Go see Onward and be prepared to have your heart touched as magic runs from opening frame to the last. Also, get there early to see Disney's attempt of making The Simpsons short cartoon the prelude to the feature (which I'm not sure how I feel about, to be honest). It's going to be great for the older kids, which is probably why The Simpsons made it's appearance here. And if you love fantasy films, Dungeons & Dragons or anything with magic, you'll love going Onward.
Rating: 4/5 Stars
Well... I didn't see that coming.
Going into this movie, I wasn't looking for much more than a relaunch of the movie originally intended for Universal's Dark Universe. This was Universal's response to Disney/Marvel and Warner Brother's own comic book universes, where all the stand alone characters in their intellectual properties would collide. The film was originally slated to include Johnny Depp as the titular character, but it was scrubbed and turned into this film after The Mummy, starring Tom Cruise, failed to launch the franchise after the one movie. A movie with Javier Bardem as Frankenstein's monster was also canceled. Personally, I didn't think The Mummy was all that bad and I was excited to see Universal embrace the property they have: their monsters. So admittedly, I was not excited to see the scraps of this movie after the Dark Universe collapsed into a cinematic black hole, but I'm glad I saw it!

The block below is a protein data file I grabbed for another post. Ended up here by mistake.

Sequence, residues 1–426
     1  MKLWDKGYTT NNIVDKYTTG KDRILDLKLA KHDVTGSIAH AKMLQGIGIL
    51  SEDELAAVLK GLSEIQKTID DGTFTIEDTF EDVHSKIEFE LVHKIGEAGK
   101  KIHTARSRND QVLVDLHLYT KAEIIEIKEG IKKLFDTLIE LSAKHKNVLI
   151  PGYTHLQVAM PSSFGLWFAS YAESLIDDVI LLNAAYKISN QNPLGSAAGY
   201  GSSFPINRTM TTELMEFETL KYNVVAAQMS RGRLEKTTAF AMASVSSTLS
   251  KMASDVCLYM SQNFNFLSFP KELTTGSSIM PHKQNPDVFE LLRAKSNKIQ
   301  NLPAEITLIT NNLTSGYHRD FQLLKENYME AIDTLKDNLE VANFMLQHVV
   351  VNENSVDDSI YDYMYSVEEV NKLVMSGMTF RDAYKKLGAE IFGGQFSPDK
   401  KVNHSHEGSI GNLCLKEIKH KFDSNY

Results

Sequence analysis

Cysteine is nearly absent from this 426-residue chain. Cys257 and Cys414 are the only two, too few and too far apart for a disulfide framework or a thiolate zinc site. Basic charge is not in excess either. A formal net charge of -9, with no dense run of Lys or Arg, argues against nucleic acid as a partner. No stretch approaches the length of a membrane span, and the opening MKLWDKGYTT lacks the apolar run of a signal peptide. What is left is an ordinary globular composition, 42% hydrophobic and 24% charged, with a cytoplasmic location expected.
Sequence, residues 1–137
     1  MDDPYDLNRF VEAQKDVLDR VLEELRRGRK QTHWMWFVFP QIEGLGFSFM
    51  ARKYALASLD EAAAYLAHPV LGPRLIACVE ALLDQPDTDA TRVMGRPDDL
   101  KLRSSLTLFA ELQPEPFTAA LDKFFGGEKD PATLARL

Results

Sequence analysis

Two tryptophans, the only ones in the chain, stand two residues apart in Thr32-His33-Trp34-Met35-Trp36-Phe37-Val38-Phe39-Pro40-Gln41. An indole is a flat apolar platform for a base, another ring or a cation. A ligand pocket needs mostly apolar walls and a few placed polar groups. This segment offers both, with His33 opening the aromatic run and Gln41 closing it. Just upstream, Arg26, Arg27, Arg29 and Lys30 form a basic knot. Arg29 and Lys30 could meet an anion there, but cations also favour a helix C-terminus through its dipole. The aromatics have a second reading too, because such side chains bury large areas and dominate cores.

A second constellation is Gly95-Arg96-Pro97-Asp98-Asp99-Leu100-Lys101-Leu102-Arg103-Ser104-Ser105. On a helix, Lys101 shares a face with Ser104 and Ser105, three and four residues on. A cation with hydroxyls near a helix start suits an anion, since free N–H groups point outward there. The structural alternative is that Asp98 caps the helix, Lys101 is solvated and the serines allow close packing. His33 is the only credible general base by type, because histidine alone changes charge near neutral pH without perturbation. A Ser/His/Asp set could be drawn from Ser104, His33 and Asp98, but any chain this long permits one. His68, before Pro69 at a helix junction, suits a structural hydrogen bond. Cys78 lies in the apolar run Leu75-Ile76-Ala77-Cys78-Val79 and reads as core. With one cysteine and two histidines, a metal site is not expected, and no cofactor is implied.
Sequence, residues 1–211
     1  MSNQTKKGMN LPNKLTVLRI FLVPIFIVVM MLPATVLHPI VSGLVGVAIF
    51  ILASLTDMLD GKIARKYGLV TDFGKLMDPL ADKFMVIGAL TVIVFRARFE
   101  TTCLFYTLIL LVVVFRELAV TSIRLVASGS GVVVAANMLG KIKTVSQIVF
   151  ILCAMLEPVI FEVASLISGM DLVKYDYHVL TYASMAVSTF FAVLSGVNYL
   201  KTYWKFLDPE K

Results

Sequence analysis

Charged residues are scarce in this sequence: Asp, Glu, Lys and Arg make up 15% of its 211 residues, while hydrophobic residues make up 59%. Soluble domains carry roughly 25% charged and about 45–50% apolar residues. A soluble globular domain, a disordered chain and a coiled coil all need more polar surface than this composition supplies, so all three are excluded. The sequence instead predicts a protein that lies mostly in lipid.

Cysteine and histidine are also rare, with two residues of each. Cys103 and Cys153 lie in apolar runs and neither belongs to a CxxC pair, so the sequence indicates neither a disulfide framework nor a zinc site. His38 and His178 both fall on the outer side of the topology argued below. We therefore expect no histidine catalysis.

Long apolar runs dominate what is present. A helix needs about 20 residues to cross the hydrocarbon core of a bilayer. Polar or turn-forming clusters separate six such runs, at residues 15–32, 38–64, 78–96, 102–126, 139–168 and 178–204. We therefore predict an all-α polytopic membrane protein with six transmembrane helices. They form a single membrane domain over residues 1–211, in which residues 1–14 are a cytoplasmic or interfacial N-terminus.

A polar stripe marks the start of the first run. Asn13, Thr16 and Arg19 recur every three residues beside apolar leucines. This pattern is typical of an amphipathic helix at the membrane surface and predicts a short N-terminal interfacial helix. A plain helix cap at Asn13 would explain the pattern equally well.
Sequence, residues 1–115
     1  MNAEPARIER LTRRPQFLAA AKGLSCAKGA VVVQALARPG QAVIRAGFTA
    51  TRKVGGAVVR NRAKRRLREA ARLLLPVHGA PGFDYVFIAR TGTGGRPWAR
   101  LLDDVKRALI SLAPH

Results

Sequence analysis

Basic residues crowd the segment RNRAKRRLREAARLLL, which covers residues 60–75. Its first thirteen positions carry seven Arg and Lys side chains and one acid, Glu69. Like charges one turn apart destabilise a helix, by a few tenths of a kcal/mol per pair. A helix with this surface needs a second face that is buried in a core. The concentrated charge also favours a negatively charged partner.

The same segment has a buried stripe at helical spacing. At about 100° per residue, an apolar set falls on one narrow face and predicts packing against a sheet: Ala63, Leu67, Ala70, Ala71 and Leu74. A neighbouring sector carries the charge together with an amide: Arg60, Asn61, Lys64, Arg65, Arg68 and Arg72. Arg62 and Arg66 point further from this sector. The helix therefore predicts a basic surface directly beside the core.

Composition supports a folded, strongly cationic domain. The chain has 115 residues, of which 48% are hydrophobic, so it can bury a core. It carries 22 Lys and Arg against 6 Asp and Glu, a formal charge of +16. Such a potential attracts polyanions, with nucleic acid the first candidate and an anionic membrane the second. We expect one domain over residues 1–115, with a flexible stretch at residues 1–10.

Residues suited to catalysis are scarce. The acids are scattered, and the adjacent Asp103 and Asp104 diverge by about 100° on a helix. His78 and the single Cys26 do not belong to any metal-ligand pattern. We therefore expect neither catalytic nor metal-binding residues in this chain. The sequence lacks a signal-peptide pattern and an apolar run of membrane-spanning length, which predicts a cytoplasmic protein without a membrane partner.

This movie is not without it's many faults, and in someways does feel like Frankenstein's monster lurching around the screen, but take it for what it is. It's a suspenseful and psychological thriller that has it's origins in a classic monster movie. Lots of shots of empty hallways, doorways and other empty space that by the end of the movie you're convinced there's an invisible man standing there, waiting for the right moment to mess with your head. Leigh Whannell, of the Saw films, does a fantastic job of building suspense, even though it's incredibly predictable.
Elisabeth Moss does a fantastic job of having one foot in reality and still battling the mental games her ex is playing with her while he can't be seen. If you've seen her in The Handmaid's Tale, it's very similar acting, or maybe even characters. But she does sell the situation and the movie would not be able to have any legs if it wasn't for her performance. Overall, this movie does have it's moments jump-scares and brooding music, but it also has it's moments of "we all saw that coming."